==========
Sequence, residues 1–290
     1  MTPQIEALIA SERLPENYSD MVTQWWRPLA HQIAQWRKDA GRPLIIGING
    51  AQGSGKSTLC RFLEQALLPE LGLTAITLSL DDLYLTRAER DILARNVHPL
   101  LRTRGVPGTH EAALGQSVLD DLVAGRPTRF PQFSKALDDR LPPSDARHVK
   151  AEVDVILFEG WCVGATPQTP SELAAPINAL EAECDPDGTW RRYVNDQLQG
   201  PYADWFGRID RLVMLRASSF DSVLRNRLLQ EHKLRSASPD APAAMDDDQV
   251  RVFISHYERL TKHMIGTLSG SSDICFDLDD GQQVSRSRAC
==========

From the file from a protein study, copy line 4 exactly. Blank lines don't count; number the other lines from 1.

   101  LRTRGVPGTH EAALGQSVLD DLVAGRPTRF PQFSKALDDR LPPSDARHVK